In 2017, we spoke with more than 50 sustainability leaders from our member companies and other leading organizations to shape our thinking about the future of sustainable business.

These interviews informed our new report, Redefining Sustainable Business: Management for a Rapidly Changing World, which provides a blueprint for company strategy, governance, and management fit for our sustainable development challenge. Included in this blueprint is our point of view about how companies can report sustainability information in ways that enable improved sustainability performance and catalyze action beyond a company’s own boundaries.

Also during 2017, we had the opportunity to learn from the work of our Future of Reporting collaborative initiative. These discussions informed our Practitioner’s View of Sustainability Reporting, which shares insights about the future of sustainability reporting from those who are closest to it.

However, we were struck by three questions throughout these conversations where opinions were often sharply divided.

Does sustainability reporting distract attention from sustainability strategy?

One interviewee complained to us that, “Sustainability teams need to be story-makers, not storytellers, yet too often reporting reduces bandwidth for half the year and prevents us from doing our jobs.” Indeed, it often becomes too easy for the sustainability team to prioritize responding to external requests and producing an annual report at the expense of shaping the strategic direction of the company.

However, others argued that the discipline of publishing information in the public domain creates a powerful incentive for performance improvement, helps socialize sustainability across the organization, and helps focus strategy on the issues of greatest importance to company success. As one interviewee put it, “Reporting has an effect to solidify program management. There is a difference between high quality and low quality, and this pushes higher quality outputs.”

We believe that strategy and reporting are both essential and should not be viewed in competition. Both outcomes shouldn’t necessarily be pursued by the same team, though—just as the company strategy function doesn’t write the annual report, so the company sustainability function shouldn’t necessarily write the sustainability report.

Should we move toward more real-time sustainability reporting and disclosure?

Advocates of real-time reporting argue that it would bring the twin benefits of engaging a wider range of people in the sustainability agenda and enabling more timely decision-making on important sustainability issues. Opponents judge that sustainability is the ultimate long-term challenge; it is inconsistent to argue that short-term decision-making by investors is damaging to sustainability, while at the same time advocating for more real-time performance information and updates on sustainability.

We believe that the discipline of the annual reporting cycle is essential to maintain, as it allows analysts to make year-on-year comparisons and identify forward-looking trends. However, we think that companies should also communicate about sustainability using the full suite of today’s social media tools to engage relevant audiences. It makes sense for companies to look at new formats where real-time sustainability data can inform decision-making by external stakeholders—for example, sustainability information about products could be made available in real time to consumers—but this is not the same as sustainability reporting.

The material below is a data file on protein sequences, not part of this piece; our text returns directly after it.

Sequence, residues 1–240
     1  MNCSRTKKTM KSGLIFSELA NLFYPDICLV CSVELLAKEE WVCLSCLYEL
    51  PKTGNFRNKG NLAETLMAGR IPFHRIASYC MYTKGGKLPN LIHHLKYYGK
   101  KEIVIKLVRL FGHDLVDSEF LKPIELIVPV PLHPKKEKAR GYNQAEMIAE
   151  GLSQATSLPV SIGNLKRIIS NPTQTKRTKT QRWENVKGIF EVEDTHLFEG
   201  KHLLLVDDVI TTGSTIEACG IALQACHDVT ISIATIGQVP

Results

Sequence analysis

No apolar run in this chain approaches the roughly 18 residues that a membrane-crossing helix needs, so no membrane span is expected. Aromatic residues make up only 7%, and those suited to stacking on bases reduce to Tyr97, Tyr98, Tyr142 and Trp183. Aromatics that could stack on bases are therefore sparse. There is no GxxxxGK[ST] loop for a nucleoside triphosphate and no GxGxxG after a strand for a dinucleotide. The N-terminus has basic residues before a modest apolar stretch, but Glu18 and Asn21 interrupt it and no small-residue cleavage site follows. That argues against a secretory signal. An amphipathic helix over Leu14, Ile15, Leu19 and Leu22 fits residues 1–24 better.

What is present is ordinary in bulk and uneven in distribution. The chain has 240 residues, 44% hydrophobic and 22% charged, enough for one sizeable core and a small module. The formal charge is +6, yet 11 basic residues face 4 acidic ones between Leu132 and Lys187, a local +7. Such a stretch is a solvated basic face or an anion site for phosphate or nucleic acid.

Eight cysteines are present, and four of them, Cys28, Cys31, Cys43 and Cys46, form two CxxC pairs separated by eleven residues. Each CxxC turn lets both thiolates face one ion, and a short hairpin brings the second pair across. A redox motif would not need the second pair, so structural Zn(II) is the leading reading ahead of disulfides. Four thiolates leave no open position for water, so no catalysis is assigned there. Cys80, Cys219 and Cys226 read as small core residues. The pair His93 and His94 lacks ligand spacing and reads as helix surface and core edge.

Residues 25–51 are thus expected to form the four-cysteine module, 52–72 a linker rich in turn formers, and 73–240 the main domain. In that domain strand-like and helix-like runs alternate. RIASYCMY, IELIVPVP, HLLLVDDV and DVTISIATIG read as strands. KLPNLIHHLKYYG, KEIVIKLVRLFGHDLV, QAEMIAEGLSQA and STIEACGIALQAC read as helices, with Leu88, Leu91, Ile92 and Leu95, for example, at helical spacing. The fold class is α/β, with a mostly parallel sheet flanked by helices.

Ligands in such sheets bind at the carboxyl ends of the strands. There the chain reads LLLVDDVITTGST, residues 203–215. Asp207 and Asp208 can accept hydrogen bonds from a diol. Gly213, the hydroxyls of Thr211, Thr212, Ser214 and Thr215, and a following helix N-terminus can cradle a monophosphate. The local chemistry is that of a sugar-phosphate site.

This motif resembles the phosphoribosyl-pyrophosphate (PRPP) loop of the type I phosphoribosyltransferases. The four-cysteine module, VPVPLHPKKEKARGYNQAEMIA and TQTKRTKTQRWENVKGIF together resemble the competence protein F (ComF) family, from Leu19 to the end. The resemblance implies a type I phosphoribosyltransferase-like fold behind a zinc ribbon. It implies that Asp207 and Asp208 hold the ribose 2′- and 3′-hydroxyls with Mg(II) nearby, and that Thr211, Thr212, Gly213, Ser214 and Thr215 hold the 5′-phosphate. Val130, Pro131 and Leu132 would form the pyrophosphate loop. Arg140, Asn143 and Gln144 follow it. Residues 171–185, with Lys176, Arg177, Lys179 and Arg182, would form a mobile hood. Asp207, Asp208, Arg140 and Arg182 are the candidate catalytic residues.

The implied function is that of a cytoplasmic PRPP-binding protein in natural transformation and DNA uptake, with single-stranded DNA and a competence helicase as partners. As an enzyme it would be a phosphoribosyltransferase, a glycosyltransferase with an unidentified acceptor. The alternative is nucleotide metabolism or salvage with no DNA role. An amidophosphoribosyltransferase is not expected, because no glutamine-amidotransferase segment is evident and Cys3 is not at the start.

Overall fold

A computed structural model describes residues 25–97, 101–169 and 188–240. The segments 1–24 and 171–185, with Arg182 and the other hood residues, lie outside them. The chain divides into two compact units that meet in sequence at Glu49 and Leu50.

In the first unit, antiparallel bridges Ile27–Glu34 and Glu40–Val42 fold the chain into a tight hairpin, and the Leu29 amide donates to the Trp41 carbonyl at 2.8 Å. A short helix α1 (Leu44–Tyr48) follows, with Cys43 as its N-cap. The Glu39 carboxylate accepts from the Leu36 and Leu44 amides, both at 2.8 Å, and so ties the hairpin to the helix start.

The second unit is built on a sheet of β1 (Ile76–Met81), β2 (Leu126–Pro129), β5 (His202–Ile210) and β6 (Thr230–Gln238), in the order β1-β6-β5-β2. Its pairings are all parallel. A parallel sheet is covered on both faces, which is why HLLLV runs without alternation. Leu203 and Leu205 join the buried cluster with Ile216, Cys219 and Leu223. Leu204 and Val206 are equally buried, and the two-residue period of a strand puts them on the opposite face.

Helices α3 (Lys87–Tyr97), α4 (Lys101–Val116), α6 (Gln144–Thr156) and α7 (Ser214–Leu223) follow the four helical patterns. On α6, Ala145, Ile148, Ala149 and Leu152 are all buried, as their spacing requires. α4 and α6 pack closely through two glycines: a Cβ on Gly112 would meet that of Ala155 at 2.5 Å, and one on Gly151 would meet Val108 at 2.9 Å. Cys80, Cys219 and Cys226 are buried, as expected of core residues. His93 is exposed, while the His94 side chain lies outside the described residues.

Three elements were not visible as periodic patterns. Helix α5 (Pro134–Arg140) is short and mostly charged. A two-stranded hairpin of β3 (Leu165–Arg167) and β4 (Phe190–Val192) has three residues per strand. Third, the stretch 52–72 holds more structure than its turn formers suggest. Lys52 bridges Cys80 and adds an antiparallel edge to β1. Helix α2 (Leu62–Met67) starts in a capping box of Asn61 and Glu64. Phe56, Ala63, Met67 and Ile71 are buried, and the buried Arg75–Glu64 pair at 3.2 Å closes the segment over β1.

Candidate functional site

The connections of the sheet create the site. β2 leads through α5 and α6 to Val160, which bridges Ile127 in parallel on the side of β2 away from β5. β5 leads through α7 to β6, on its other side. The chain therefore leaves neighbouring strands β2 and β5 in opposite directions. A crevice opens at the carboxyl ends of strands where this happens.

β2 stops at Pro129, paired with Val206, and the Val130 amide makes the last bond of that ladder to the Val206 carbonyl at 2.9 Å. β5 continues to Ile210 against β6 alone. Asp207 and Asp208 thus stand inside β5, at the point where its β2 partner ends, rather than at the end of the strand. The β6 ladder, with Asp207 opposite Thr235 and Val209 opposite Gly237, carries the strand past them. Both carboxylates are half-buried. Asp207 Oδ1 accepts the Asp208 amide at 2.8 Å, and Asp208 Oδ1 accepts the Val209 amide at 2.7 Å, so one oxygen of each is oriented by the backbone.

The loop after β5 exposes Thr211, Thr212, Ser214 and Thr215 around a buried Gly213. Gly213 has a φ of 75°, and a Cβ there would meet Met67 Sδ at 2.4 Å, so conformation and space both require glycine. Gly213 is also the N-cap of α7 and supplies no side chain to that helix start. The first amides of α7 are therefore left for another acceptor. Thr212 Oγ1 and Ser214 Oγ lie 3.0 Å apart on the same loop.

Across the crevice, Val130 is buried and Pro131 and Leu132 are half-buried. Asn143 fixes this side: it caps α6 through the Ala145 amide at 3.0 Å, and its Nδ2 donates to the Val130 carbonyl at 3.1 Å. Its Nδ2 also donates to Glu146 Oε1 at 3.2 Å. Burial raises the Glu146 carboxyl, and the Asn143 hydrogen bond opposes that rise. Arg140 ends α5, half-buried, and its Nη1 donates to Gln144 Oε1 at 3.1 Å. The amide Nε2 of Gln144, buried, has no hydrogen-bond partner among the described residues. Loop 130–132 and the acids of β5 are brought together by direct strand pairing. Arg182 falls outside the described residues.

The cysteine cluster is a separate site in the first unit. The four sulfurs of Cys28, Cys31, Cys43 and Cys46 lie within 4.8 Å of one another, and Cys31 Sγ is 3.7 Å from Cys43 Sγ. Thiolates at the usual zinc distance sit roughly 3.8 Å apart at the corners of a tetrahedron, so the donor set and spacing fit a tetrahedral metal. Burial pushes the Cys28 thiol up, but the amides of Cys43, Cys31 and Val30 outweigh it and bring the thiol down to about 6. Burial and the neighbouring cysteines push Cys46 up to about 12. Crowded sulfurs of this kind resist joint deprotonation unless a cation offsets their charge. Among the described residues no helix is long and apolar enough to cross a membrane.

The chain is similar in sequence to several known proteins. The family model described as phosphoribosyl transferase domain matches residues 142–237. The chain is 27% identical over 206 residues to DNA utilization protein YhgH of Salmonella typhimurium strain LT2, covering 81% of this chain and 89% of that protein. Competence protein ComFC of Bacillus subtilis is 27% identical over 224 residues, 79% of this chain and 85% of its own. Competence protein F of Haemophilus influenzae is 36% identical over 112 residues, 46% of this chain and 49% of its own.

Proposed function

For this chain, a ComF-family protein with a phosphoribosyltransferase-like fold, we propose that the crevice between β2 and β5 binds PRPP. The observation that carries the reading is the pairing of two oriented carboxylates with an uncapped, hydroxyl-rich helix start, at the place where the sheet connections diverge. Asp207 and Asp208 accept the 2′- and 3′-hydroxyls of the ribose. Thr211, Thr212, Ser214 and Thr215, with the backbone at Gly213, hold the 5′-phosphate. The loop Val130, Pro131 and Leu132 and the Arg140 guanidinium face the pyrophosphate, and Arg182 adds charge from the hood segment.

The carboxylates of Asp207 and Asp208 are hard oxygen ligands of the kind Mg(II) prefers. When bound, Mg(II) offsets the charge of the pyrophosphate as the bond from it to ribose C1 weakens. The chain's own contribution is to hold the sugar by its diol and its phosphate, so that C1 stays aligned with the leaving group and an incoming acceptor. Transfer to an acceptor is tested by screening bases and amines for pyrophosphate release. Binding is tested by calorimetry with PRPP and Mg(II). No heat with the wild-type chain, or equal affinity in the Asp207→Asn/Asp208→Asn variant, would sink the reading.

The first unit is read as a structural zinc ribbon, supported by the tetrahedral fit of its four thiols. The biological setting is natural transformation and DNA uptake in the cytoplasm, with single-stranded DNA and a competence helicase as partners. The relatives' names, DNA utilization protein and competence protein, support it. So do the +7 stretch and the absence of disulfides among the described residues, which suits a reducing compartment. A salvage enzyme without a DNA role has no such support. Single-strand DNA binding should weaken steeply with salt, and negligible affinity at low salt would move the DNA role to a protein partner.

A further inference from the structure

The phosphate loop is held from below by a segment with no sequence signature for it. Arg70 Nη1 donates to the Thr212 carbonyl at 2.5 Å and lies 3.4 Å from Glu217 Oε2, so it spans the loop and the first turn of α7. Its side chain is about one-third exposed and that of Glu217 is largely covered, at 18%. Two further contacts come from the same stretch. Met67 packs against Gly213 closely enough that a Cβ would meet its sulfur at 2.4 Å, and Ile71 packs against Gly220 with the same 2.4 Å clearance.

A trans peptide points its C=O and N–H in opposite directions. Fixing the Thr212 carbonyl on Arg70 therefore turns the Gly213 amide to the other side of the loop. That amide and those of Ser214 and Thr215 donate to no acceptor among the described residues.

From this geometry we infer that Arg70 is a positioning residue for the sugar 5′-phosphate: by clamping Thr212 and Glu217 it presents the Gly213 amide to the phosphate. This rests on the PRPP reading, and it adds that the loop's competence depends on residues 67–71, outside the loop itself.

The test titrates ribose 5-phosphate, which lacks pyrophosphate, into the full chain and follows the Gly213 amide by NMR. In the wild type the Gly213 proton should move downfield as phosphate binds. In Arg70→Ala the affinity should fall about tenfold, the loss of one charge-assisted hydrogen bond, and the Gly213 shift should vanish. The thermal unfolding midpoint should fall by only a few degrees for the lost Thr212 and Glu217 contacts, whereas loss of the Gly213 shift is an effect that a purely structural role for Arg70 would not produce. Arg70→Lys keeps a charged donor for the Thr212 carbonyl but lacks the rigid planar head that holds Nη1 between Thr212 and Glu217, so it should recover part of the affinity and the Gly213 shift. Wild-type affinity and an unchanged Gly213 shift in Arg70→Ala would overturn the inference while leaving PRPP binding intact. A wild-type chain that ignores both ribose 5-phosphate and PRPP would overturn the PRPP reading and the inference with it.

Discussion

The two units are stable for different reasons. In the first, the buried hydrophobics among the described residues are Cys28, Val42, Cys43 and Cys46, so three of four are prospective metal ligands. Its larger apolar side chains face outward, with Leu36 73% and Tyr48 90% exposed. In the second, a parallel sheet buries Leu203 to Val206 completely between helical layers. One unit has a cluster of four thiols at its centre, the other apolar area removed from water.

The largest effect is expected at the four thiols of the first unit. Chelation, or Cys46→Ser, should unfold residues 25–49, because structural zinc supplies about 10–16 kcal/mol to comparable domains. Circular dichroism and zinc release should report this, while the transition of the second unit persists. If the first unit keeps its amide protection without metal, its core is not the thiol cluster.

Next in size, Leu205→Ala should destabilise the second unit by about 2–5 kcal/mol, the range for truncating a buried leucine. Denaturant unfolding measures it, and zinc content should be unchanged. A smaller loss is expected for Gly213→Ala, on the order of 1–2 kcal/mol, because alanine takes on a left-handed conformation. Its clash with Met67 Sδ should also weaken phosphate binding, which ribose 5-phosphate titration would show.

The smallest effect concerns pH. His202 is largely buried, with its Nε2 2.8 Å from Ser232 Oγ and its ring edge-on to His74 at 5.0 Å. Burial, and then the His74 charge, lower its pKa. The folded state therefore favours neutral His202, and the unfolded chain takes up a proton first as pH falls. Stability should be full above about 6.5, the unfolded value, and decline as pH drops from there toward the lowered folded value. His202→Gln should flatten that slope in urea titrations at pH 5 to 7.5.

Should companies stop using the term “materiality” outside the investor relations context?

Some argue that using the term “materiality” outside of the investor relations context creates confusion for report users, who may be unclear about what definition of material is being used, and whether certain issues are of material concern to investors or not. One interviewee commented, “People get tired of hearing that all sustainability issues are material to the business.” Outside the investor relations context, companies could use other terms, such as “relevance.”

On the other hand, the concept of materiality is the threshold at which issues become sufficiently important that they should be reported to a target audience. In financial reporting, materiality is the threshold for influencing financial decisions made by investors; in sustainability reporting, materiality is the threshold for influencing a wider set of decisions, made on a wider range issues, by a wider range of stakeholders.

The financial reporting discipline does not have a monopoly on the term “material,” and applying such a proven concept in the sustainability reporting discipline substantially increases its value for report readers. Provided the company is clear about the definition of materiality being used and the process applied to define material issues, then using the term “materiality” should not, in theory, create problems.

Yet the fact remains that, in practice, the dual use of the term is confusing. Ultimately, the substance of the materiality principle in sustainability reporting matters more than the term that is used, and we believe that companies can use other terms—such as relevance or prioritization—in the context of sustainability reporting targeted at non-investor audiences.

Our Future of Reporting collaborative initiative is a group of companies that share reporting best practices with each other and use these insights to inform the future of sustainability reporting. If you are interested in participating in the group during 2018, please contact us.



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